I’ve previously talked about ways to thicken gravies and sauces using safe non-wheat, non-cornstarch thickeners. Here are further details for one of my favorite ways—so tasty that it can double as soup, acorn squash soup.
All too often, people view the changes we make in the Wheat Belly lifestyle as being tasteless, less indulgent, less varied—but that is farthest from the truth. In the case with gravies and sauces, you are going to find that our grain-free alternatives can be tastier than their wheat flour or cornstarch counterparts. Gravies and sauces you create using non-grain ingredients are wonderfully rich and delicious. And there are dozens, perhaps hundreds, of different ways to create genuinely healthy grain-free gravies and sauces.
Below is one way using a baked acorn squash as thickener. Yes, it does add a few extra ingredients and baking time, but the reward is a rich, tastier gravy. And, if you make more than you need as gravy, it’s so healthy and delicious that you can serve leftovers as soup. I did, and it was delicious. (Try that with conventional gravy: If you don’t end up in a diabetic coma, you will at least have to contend with considerable weight gain, insulin resistance, high blood sugars, and hormonal distortions, as well as appetite provocation and mind fog. Conventional gravy mixes should come equipped with a vial of insulin and syringes.)
Of course, the amount of gravy you make will depend on how much stock you recover from your turkey or other cooked meat. If you lack stock, you can either make stock separately or purchase store-bought stock. Adjust the recipe according to the amount of stock you have. As specified, the recipe is based on having 2 cups of stock. This will leave you with an unused half of acorn squash and pepper that you can save as leftovers 0r purposely double proportions and save leftover gravy to serve as a delicious soup. If served as soup, the recipe as written yields 28 net grams of carbs per 2 cups; therefore limit serving size to one cup when served as soup.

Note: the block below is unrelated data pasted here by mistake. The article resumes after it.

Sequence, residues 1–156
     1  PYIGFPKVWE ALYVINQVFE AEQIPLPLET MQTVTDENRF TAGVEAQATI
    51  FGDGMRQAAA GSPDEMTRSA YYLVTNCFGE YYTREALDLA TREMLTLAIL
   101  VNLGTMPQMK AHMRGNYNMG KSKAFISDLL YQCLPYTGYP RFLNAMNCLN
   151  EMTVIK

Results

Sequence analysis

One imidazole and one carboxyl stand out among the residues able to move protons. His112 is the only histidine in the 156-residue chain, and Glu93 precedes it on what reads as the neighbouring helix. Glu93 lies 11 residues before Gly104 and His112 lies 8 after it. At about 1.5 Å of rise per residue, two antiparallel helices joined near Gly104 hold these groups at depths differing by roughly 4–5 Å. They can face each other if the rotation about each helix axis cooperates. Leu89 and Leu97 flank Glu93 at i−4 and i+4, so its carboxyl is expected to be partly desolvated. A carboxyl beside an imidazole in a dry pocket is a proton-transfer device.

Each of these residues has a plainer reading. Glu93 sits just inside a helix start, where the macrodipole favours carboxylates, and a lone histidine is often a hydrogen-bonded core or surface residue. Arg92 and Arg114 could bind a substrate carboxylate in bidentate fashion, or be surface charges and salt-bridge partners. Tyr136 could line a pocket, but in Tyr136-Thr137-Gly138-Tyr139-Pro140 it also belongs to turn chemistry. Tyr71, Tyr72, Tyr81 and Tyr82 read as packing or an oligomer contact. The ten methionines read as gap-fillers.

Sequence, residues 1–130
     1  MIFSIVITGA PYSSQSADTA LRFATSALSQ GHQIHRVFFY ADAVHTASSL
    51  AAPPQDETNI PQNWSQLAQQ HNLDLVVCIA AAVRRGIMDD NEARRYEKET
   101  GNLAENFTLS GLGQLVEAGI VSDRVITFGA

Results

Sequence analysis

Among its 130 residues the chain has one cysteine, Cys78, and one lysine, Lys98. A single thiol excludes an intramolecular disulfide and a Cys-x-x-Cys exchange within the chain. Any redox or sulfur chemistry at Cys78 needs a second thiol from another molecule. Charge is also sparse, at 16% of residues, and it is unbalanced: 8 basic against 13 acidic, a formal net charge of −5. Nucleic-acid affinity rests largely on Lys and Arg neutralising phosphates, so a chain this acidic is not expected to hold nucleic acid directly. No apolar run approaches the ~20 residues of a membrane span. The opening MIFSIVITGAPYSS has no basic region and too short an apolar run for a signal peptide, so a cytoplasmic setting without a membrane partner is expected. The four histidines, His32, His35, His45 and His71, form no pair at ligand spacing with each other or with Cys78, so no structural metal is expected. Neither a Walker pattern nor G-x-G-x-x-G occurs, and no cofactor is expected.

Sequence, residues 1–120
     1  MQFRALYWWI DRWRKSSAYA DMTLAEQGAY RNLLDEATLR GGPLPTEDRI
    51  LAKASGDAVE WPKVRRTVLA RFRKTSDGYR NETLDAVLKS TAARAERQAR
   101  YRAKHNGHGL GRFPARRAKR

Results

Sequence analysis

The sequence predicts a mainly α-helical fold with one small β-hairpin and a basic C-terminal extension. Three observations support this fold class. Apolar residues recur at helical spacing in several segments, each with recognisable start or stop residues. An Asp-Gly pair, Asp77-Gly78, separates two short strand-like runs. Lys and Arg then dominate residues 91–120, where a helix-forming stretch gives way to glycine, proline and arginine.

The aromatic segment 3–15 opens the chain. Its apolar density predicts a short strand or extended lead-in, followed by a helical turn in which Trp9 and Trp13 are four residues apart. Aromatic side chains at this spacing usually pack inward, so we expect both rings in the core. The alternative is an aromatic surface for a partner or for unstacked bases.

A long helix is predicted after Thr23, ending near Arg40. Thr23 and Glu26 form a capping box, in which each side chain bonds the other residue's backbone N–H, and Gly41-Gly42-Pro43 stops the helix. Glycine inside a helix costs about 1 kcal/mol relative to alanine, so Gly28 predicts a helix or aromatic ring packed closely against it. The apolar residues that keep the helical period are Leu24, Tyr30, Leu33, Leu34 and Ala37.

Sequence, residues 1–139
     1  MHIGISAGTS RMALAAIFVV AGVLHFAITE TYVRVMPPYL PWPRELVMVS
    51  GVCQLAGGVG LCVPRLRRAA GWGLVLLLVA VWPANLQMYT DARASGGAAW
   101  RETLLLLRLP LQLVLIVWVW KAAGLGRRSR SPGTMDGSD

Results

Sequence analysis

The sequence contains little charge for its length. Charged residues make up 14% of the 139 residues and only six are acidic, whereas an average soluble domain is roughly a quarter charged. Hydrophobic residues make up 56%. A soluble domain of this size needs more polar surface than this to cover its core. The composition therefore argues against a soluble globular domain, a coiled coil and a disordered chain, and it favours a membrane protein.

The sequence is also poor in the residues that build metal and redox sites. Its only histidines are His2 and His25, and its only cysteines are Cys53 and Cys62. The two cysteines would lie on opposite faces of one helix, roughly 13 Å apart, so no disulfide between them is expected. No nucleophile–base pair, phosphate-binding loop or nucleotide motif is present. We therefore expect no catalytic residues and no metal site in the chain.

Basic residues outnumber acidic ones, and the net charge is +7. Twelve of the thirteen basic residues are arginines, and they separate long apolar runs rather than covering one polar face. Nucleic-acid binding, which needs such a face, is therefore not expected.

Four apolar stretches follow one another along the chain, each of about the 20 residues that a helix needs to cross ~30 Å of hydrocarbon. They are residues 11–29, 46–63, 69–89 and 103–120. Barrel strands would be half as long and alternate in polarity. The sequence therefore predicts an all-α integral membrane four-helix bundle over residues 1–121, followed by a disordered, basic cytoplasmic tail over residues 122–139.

By the way, if you are roasting any meat, it is a terrific opportunity to roast some veggies such as eggplant, peppers, onions, zucchini, etc. that can also be used to puree and thicken sauces and gravies.
Preheat oven to 350 degrees F.
1 acorn squash, halved and seeds removed
1 medium yellow onion, coarsely chopped
1/2 red or yellow pepper, sliced
2-3 garlic cloves
1/4 teaspoon sea salt or to taste
1 teaspoon onion powder
2 cups stock
In shallow baking pan, place acorn squash, onion, pepper, garlic and bake for 60 minutes.
Combine baked acorn squash mixture, sea salt, onion powder, and stock in blender and puree. Alternatively, combine ingredients in large bowl and blend with stick/immersion blender. Adjust salt and pepper to taste.